Are you interested in how the criminal justice system works, but don’t want to spend hundreds of thousands of dollars on a law degree? Same here! In CrimeFeed’s new column, Explainer, we, with the help of actual experts, will be explaining common legal terminology – but in terms the average jury member can understand. First up, THE ALFORD PLEA.
Legal Expert: Stephen L. Braga, a celebrated criminal defense attorney who was part of the legal team that negotiated the West Memphis Three’s release from prison with an Alford plea agreement
Legal Definition: “The Alford plea is like a ‘no contest’ plea designed to end a criminal case without the court or a jury ever making any finding that the defendant actually committed the crime,” said Braga. “In fact, in an Alford plea, unlike a no contest plea, the defendant actually continues to maintain his innocence.”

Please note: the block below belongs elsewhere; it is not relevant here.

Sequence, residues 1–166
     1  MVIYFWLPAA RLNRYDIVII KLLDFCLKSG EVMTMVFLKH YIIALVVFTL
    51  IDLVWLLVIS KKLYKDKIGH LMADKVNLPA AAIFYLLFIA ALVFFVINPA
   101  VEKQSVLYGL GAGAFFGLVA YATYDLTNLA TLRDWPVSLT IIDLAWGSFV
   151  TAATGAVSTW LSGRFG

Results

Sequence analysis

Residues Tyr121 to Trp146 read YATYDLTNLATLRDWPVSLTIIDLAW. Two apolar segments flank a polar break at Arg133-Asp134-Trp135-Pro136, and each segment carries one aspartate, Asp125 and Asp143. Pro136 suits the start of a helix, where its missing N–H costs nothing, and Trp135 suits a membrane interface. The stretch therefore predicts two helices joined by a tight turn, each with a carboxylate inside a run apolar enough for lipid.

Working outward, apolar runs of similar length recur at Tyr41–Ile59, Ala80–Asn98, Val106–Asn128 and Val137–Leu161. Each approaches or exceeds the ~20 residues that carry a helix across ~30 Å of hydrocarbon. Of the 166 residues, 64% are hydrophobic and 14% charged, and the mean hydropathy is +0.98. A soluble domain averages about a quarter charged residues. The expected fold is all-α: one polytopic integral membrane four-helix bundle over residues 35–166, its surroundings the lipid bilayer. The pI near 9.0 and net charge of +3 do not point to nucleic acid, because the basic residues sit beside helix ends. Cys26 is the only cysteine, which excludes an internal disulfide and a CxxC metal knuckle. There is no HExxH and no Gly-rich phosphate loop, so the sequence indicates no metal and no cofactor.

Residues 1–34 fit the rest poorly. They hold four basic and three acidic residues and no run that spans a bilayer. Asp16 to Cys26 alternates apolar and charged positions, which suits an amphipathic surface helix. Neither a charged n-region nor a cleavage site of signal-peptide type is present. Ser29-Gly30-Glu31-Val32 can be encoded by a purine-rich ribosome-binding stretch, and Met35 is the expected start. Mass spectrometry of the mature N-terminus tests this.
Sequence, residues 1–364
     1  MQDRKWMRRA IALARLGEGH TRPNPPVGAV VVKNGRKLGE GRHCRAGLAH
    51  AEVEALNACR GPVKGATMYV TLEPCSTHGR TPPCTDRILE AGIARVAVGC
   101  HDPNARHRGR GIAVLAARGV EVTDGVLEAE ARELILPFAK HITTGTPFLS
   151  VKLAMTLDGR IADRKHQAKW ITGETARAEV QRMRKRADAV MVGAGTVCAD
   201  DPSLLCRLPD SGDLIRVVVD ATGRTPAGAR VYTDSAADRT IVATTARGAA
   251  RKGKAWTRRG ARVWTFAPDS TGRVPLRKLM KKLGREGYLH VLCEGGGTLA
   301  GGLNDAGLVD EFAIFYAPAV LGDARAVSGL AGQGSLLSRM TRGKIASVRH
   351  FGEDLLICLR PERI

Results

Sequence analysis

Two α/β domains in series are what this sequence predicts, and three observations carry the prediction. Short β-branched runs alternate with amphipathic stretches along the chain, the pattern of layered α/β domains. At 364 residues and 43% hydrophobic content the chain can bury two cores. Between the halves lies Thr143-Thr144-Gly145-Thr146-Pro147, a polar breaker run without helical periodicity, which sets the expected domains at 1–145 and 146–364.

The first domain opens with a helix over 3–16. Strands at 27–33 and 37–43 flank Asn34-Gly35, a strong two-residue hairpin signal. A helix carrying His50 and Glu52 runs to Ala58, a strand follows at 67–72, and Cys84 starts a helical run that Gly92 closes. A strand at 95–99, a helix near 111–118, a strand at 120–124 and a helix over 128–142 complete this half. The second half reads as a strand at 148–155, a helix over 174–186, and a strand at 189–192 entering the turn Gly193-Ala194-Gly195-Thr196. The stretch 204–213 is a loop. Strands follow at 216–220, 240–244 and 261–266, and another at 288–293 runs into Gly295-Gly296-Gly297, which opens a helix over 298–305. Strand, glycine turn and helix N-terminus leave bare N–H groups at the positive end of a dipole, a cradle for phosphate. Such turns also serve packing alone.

Come Again? An Alford plea allows a defendant is able to assert his or her innocence, while also acknowledging that the prosecution has enough evidence to convince a jury to convict. As a result, both the defendant and the State are able to avoid the costs and the risks associated with a trial or, in the case of the West Memphis Three, a retrial.
A no contest plea is also an alternative to a guilty or not guilty plea, but one where a defendant does not admit to or dispute the charges against him. Like the Alford plea, it is treated like a guilty plea and is often party of a plea bargain.